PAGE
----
Self-care for the eldercaregiver

January 2, 2013 9:42 am Views: 92
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The vast majority of health care professionals are amazingly dedicated to helping others maintain or regain a healthy lifestyle.

Regardless of whether it’s a nurse or a physician or a personal support worker or any other front line care professional, there is a consistent commitment to provide care to those they treat or help in some way. And a great many of them also shoulder caregiving responsibilities for aging parents.

That double-barreled challenge of professional caregiving by day and eldercare giving by night to loved ones inevitably extracts a physical and emotional toll. It is a toll that, if unrecognized and unaddressed for a period of time, can lead to many different kinds of stress-related illnesses, and so the caregiver needs the care.

Watch for the signs

And the signs of resulting personal issues more often than not are even more submerged, avoided and denied for a host of well-intentioned reasons.

That’s why it’s important to look for those signs. Here are just four of the many questions to ask yourself as a starting point to an informal and totally qualitative self-assessment of your state of being:

  1. Are you thinking about and/or worrying more about any aspect of a parent’s state of health?
  2. Are you feeling more frustrated by what you perceive to be your parent’s sense of disregard for his/her wellbeing and your efforts to help?
  3. Are you more short-tempered overall, but especially with that parent and family members?
  4. Are you finding yourself less rested in general?

If you honestly answered ‘yes’ to at least two of these questions, you may want to take a closer look at how your parent really is and how you’re dealing with his or her needs… and your own. And you may want to do that sooner or later.

If you honestly answered ‘yes’ to at least three of these questions, you should  take a closer look at how your parent really is and how you are dealing with it for her/him and, as importantly, for yourself.

Helping yourself

The fact is that if you’re getting worn down by family eldercare responsibilities, at some point you’ll become worn out. It’s at that point the quality of your work will suffer, your ability to help those loved ones will be compromised, and you’ll be endangering you own wellbeing. I know this because I’ve lived it: been there, done it, got the tee shirt, and paid the personal price physically and emotionally.

So let me share four strategies I learned the hard way; strategies for coping and self- preservation through the trials and tribulations of the rocky road of caring for aging and ever more needy parents.

  1. Don’t try to do it all. You can be a loving, caring daughter or son, but you can never be all they expect, think they need, or you feel you should give. Define what you can do well consistently and what you can’t, and then get the right kinds of support for those you can’t.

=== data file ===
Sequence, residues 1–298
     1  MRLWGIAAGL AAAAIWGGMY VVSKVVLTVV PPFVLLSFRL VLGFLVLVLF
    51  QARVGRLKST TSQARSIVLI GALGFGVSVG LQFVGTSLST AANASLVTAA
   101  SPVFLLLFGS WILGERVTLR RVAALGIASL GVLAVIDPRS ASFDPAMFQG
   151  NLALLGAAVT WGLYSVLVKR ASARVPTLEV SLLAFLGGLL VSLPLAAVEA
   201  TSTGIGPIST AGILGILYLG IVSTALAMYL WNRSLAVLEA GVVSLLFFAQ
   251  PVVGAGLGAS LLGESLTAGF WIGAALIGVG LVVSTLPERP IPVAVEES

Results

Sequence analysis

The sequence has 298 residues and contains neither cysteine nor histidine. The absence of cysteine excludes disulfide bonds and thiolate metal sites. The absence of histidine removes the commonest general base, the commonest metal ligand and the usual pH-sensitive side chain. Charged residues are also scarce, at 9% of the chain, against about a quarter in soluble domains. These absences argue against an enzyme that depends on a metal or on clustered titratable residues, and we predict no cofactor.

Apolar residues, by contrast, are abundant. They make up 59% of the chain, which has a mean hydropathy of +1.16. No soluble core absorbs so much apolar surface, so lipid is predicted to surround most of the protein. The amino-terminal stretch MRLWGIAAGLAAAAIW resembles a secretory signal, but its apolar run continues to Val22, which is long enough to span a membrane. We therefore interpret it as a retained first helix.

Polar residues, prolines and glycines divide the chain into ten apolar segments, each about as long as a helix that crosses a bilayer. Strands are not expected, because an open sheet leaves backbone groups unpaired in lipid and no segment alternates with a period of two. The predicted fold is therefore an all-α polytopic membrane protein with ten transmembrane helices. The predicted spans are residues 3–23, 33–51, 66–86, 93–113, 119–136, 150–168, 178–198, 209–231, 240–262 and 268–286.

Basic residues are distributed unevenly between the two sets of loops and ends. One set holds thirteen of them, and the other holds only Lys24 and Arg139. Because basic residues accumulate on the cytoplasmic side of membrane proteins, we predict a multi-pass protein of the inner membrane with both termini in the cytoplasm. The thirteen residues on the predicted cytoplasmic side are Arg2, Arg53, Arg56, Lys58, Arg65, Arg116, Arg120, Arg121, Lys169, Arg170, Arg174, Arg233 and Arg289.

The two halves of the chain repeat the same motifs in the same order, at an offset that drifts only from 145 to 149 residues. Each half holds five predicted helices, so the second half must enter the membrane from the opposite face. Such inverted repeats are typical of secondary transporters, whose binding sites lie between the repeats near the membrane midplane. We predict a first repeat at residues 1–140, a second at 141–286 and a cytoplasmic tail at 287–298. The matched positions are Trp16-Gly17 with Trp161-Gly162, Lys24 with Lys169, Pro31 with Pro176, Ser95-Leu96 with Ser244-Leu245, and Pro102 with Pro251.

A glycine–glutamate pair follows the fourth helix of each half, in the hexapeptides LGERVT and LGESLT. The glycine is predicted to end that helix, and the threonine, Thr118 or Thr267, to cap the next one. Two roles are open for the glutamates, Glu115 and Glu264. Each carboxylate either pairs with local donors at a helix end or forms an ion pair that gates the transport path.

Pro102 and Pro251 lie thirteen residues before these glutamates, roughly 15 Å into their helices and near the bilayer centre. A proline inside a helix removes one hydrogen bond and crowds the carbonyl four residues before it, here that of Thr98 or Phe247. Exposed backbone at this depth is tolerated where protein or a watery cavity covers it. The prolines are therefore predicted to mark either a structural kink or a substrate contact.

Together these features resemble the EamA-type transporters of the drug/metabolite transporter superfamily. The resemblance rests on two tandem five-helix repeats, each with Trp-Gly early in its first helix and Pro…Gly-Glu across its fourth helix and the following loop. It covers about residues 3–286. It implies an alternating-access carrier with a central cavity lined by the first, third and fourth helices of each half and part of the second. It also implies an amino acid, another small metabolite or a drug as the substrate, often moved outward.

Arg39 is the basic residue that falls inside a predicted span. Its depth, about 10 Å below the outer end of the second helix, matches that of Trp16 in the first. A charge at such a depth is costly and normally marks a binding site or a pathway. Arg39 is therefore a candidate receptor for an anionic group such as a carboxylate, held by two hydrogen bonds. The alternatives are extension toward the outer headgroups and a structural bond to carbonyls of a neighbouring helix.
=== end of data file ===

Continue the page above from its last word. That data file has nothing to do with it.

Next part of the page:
2. Don’t second guess yourself. If you’ve considered the positives and negatives of any required action or decision and determined what you believe is the best right action, take it and live with it. Otherwise, you’ll be second guessing yourself to the point of distraction… and fall victim to the stifling impact of paralysis by analysis.
  3. Do get regular ‘me’ time. Having some personal time just for yourself is vital. Take a walk, read a book, listen to music, ride a bike, do a jigsaw puzzle, whatever: just take some quiet time, turn your mind off. It’s therapeutic.
  4. Do build a game plan. As events unfold, you’ll have a good idea of what’s to come and when. In other words, if you take a hard look at the horizon of your personal elder-caring frontier, you can and should create a plan– a course of action– for how you’ll deal with the inevitable issues and challenges that will come to pass. A plan helps guide you; it often will make you discover hurdles and options you otherwise might miss.

Moving ahead

One of the very significant challenges of caring for aging parents or other loved ones is that we too often forget about or ignore ourselves: what we need, how to be prepared, fortified, recharged, and personally sustainable.

We can do that only at our peril. The implications and consequences are real and harmful. The Scout’s Motto says it all: Be Prepared

Article By:

Bart Mindszenthy

Bart Mindszenthy, APR, FCPRS, LM, is co-author of the Parenting Your Parents series of books; to read more, visit www.parentingyourparents.ca. He is a best selling author on the issues and challenges of caregiving in the family as well as other topics; see www.famliyeldercareworkbook.ca. His column on caregiving appears quarterly in Hospital News.

1 Comment

  • The article is full of good and caring insight again. I have an acquaintance from our aerobics class, who cares for her 95 year old father, she is very interested in your publications. So for now I shall give her your first book, which I have here.
    Irma

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